“And depending on what the situation is, if you have a hydrate in there or you suspect there's a hydrate in there, you're going to want to try and have a little bit of communication between both ends of where your pipe is,” says Charlie. “You don't want to just say, ‘Okay, I'm plugged up, we're going to fire this pig in there,’ and then you're really going to get it stuck. Once you have some communication, then you can maybe put a pig in and you put a bunch of methanol ahead of it to try and herd the stuff through. As Kenny said, we do pig our lines on a regular basis. There's a crew here that's all they do five days a week – pig pipelines to mitigate exactly this happening. To move that liquid out of the low spots, out of the creek bottoms and keep stuff moving along.”

There's a high level of knowledge needed to do this type of work. You really hone those skills when you’ve been through as many situations as Charlie and Ken have for the past few decades. Problems will come up but, instinctively, you know what to do.

“In the wintertime it's probably a daily thing,” agrees Ken. “Lots of times there's many issues and more so this time of year in the wintertime and springtime when we get the thaws and stuff like that in the ground, it makes it more difficult. So yeah, there's definitely lots of times that you'll be dealing with this – whether it’s midnight or three o'clock in the morning.”

“Ken was on call during Christmas and that's exactly what they were doing,” adds Charlie. “They were out here pumping methanol, jockeying gas down different lines to try and put it down a lower pressure line to get that flow happening, to get rid of that slushie, get things moving. And he spent a lot of hours doing that and another crew came behind him. So yeah, it doesn't happen every day but here again, like I say, we got to stay on top of the game and watch everything. And sometimes you don't have much room for error, if you miss it, you're in trouble.”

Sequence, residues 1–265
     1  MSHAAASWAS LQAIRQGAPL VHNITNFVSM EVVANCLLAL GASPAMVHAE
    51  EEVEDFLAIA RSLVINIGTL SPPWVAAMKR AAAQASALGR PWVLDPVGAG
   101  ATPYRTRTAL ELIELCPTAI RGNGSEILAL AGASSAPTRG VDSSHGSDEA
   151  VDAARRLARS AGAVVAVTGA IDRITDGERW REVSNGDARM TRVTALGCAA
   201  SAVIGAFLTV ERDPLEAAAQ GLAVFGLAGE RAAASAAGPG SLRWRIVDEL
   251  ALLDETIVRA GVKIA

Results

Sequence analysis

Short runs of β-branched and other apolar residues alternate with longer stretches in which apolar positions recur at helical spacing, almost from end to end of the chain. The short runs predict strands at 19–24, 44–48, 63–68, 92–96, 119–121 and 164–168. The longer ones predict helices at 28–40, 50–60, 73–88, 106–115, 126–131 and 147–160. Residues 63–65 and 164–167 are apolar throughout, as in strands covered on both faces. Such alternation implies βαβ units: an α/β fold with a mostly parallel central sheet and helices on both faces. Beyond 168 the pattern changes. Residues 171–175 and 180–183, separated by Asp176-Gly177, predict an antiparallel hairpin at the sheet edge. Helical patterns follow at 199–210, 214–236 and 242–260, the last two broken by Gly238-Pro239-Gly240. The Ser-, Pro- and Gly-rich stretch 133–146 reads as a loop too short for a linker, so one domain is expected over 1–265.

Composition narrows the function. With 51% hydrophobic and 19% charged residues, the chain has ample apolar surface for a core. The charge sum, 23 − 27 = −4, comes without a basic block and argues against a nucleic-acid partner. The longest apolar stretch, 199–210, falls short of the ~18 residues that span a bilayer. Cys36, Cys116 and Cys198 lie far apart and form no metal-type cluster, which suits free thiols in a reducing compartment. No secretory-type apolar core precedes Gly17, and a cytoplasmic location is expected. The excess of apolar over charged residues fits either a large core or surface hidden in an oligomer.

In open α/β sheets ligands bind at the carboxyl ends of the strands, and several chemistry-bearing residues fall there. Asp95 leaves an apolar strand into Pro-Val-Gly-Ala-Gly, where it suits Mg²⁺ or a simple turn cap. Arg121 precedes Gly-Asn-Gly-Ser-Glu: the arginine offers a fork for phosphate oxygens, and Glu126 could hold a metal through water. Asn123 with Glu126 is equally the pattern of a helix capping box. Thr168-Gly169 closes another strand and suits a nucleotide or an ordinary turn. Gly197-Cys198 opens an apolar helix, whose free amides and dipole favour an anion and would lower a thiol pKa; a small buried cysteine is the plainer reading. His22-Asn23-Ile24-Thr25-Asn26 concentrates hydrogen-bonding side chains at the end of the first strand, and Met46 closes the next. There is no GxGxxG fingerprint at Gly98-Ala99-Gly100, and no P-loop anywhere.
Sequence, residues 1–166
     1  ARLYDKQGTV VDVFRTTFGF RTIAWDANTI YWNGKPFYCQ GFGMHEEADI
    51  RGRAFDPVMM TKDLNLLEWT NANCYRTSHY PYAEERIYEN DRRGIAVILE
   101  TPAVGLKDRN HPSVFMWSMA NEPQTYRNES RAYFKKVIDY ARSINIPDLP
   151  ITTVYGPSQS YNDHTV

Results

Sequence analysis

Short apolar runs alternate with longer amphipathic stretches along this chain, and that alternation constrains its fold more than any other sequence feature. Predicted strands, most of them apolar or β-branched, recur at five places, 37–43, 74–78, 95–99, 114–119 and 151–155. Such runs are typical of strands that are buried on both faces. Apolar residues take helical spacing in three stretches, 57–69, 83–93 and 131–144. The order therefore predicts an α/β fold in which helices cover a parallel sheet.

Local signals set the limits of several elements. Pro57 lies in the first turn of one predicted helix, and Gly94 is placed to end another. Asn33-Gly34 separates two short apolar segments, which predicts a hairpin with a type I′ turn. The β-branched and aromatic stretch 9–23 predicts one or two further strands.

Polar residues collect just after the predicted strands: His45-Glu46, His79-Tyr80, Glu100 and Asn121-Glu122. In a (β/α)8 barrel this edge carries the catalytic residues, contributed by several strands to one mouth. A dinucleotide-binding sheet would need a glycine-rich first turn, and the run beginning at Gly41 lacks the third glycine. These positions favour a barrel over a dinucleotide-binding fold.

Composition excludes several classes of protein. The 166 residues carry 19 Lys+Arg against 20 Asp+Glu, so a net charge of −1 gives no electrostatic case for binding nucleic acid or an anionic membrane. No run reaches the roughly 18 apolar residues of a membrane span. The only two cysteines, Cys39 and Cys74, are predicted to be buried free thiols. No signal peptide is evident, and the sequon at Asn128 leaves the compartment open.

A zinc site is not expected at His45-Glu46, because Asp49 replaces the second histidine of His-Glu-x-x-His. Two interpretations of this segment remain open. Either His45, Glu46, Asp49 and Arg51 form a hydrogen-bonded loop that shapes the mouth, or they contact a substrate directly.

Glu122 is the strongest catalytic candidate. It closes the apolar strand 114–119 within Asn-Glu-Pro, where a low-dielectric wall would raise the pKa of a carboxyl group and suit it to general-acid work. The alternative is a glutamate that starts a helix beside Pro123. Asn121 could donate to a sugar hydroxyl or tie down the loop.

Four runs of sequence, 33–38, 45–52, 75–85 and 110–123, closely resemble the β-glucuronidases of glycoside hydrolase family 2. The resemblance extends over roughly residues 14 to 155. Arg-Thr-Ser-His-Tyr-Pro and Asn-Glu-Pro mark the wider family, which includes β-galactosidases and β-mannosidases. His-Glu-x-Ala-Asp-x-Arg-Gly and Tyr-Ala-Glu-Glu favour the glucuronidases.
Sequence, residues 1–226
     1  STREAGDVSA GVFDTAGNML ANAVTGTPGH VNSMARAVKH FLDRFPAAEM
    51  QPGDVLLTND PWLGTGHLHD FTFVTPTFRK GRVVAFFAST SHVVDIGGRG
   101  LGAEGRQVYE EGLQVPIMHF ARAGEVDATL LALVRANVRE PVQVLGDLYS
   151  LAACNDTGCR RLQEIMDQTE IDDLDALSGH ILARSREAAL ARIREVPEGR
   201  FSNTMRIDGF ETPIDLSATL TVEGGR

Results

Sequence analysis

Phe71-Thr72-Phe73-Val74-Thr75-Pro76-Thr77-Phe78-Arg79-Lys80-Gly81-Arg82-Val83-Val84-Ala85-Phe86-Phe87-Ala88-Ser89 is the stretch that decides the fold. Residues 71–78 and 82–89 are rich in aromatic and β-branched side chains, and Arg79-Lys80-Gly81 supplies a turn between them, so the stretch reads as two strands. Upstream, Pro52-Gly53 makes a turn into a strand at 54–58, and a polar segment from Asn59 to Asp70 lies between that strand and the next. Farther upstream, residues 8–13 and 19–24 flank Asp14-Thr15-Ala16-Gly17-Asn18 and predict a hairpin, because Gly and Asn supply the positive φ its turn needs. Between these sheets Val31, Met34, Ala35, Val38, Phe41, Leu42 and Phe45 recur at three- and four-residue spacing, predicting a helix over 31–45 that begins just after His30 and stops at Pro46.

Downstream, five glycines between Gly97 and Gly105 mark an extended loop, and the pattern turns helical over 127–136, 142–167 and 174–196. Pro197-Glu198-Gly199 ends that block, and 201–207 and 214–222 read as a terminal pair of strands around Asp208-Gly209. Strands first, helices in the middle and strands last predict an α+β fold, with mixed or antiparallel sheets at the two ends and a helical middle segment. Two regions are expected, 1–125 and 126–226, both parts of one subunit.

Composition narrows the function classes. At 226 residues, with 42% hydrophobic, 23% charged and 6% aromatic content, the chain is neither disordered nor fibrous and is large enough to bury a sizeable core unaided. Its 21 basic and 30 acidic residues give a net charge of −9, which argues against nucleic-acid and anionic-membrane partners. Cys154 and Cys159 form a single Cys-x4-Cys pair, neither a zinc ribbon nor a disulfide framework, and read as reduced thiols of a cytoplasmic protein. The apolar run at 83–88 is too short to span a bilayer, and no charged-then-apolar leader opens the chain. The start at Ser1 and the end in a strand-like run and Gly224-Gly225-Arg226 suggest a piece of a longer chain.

Both have grown accustomed to dealing with extreme weather and serious situations over the years, but there was one particular time Charlie recalls when an avalanche caused a lot of issues for the pair. A large compressor station - 100 feet by 300 feet, with 24-foot high ceilings - was walloped with snow one winter.

“It filled the whole compressor site, blew the doors in. You had four feet, five foot deep snow inside the compressor building packed hard. Now, these buildings are big so we spent five days cleaning it up to the point that we could actually run it.”

“If I can add to that, most of our well sites are in valleys,” says Ken. “We've got some pretty steep slopes in behind these sites and compressor buildings so avalanche protectors are a must for the wellheads. We see these condition quite often during the winter months and it can build up on the slopes and then it just releases whenever mother nature lets it. We're kind of at the mercy of that with all the snow and frigid temperatures. When I talk to my wife, she would look out the window and say, ‘I don't even want to go out there and shovel the sidewalk’!”

It’s clear both Charlie and Ken take great pride in the work they’ve been doing for more than 40 years. Pulling 26, 28-hour shifts, battling blizzards and six foot snow drifts –the ‘silent heroes’ of the natural gas sector. They simply do their job – day in, day out – helping get us the natural gas we need, without too many people noticing...

“Yeah, well, we've been here a long time,” Charlie says. “We show ownership and pride in the part of the field that you run and try and look out for the other guy’s area. I come from the compressor site end of it so I'm down where the big sites are, where they are training new guys that are coming along and Ken has been there, too. He has good on the wells and the compressors. We both have a lot of pride in what we do. And we try and make sure that things are working right so that we don't have problems.”

To learn more about the situation we faced a couple of weeks back and also some detail on Alberta's natural gas industry, click on the links below: